Statspolitiet (transl. the State Police; shortened STAPO) was from 1941 to 1945 a National Socialist armed police force that consisted of Norwegian officials after Nazi German pattern. It operated independently of the ordinary Norwegian police. The force was established on 1 June 1941 during the German occupation of Norway. The initiative for the force came from the later chief Karl Marthinsen and other prominent members of the collaborationist party Nasjonal Samling. At its peak, in 1944 there were 350 employees in Statspolitiet, in addition to a larger number who collaborated or rendered services for them.[1] Its purpose was primarily to combat so-called political crimes, refugees, espionage, sabotage, armed resistance and other kinds of resistance against the German occupation forces or the Norwegian collaborationist Quisling regime. Statspolitiet played an important role during the Holocaust in Norway, aiding in the deportation of the Jews in Norway.[2] Norwegians were arrested by contemporary laws, and many were later sent to prison camps in Norway and concentration camps in what was then Germany. Statspolitiet was organized with a headquarters in Oslo and six subsidiaries in Oslo and Aker, Stavanger, Bergen, Trondheim, Tromsø and Kirkenes.[3][4] Statspolitiet was subordinate to the chief of the security police and the Norwegian Minister of Police, Jonas Lie. Statspolitiet also received orders directly from the Reich Security Main Office.[5][6] The general of Statspolitiet, Karl A Marthinsen was assassinated by the Norwegian resistance movement on 8 February 1945. This caused massive reprisals, in which 34 imprisoned resistance fighters were executed at Akershus Fortress.[7]

Vidkun Quisling (left) and Reichskommissar Josef Terboven (center) inspects an honor company of Statspolitiet officers in 1942
Vidkun Quisling (left) and Reichskommissar Josef Terboven (center) inspects an honor company of Statspolitiet officers in 1942
Agency overview
Formed1 June 1941 (1941-06-01)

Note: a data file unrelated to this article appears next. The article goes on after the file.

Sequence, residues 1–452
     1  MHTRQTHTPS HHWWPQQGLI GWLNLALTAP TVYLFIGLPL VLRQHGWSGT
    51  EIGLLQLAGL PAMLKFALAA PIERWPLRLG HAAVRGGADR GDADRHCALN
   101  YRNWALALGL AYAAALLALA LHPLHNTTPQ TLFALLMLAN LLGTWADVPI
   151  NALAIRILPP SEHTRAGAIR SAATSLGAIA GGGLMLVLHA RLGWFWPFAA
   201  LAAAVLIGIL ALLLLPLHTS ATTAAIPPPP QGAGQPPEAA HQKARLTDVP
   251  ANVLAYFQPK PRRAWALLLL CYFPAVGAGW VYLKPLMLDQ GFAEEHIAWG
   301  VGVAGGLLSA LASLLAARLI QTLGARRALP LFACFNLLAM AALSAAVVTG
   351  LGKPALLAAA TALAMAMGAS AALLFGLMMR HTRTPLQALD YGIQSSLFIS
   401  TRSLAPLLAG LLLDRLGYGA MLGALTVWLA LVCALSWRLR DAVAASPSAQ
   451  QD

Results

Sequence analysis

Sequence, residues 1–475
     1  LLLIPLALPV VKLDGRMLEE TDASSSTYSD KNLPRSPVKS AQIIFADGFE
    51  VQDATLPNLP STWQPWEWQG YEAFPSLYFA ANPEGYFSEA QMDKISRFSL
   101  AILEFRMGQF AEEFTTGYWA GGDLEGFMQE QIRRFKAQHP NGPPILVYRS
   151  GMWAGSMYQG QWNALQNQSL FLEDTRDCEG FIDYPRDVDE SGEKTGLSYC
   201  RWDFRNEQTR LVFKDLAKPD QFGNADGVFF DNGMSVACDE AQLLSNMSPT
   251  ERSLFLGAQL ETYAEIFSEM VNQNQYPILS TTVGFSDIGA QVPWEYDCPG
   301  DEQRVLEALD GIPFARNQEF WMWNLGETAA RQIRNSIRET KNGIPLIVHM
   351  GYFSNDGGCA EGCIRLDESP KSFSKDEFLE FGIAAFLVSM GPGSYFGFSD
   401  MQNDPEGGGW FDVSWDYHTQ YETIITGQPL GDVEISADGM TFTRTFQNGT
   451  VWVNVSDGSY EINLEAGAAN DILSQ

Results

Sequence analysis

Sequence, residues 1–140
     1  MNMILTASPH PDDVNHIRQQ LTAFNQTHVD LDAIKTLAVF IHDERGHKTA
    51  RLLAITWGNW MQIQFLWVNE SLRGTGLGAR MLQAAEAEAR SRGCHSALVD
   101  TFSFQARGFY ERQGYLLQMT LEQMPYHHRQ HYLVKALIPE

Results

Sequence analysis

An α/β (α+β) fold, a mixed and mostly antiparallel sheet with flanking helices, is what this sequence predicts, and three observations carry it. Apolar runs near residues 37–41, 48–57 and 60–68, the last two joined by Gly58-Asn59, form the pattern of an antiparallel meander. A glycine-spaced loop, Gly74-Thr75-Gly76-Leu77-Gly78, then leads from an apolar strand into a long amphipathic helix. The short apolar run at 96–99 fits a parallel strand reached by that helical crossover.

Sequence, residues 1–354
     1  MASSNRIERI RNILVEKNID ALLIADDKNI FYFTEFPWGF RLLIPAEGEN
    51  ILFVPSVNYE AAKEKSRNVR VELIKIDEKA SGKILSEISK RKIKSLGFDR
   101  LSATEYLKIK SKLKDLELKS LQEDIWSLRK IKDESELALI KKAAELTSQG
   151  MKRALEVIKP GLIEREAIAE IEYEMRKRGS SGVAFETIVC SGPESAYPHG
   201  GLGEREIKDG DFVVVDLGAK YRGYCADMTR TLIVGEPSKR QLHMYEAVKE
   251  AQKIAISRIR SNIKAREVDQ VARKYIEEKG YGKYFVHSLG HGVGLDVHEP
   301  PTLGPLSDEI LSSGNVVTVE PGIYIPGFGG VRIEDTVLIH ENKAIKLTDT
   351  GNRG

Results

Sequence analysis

Dissolved8 May 1945 (1945-05-08)
Jurisdictional structure
Operations jurisdictionGerman occupied Norway

After World War IIEdit

After the German capitulation on May 8, 1945, Statspolitiet was disbanded immediately. Former officers of Statspolitiet were arrested and tried in Norwegian courts, and were found guilty of varying degrees of such crimes as treason, illegal detention, torture, maltreatments, murders and illegal executions.[8] The punishments were harsh and included the use of capital punishment. The death sentences for the Statspolitiet officers Reidar Haaland, Arne Saatvedt, Hans Jacob Skaar Pedersen, Holger Tou, Ole Wehus, Olav Aspheim and Einar Dønnum were fulfilled, the officers being executed by firing squad.[5][9]

Ranks and rank insigniaEdit

Rank insignia of the Norwegian State Police.
Politikonstabel of Statspolitiet.
Insignia Rank Comparative rank
in the Wehrmacht
Collar Shoulder
  General i politiet General der Waffengattung
  Generalløjtnant i politiet Generalleutnant
  Generalmajor i politiet Generalmajor
  Politioberst Oberst
  Politioberstløytnant Oberstleutnant
  Politimajor Major
  Politikaptein Hauptmann
  Politiløytnant I Oberleutnant
  Politiløytnant II Leutnant


  1. ^ Namngjev nordmenn som torturerte Norwegian broadcasting corporation (in Nynorsk)
  2. ^ "Fra arbeiderkrig til verdenskrig" and "Politiet som aldri gikk lei", chapters of "«Samfunnets pansrede neve» by P.O. Johansen Institute for criminology and justice sociology University of Oslo (in Norwegian)
  3. ^ Statspolitiet - Hovedkontoret / Osloavdelingen National Archives of Norway (in Norwegian)
  4. ^ Slik opererte det norske Gestapo Aftenposten October 22, 2012 (in Norwegian)
  5. ^ a b Eirik Veum: Nådeløse nordmenn: Statspolitiet 1941-1945. Kagge forlag, 2012 (in Norwegian) ISBN 9788248911746
  6. ^ Statspolitiet Norsk krigsleksikon 1940–1945, J.W. Cappelens forlag a.s, Oslo 1995, page 396 (in Norwegian) ISBN 82-02-14138-9
  7. ^ Eirik Veum: Nådeløse nordmenn Statspolitiet 1941-1945. Kagge Forlag A/S, Oslo 2012. pp 230-279 (in Norwegian) ISBN 978-82-489-1174-6
  8. ^ Norsk politi torturerte nordmenn Vi Menn Oct 28, 2014 (in Norwegian)
  9. ^ Asbjørn Jaklin: De dødsdømte (page 101), Gyldendal, Oslo 2011, (in Norwegian) ISBN 978-82-05-41088-6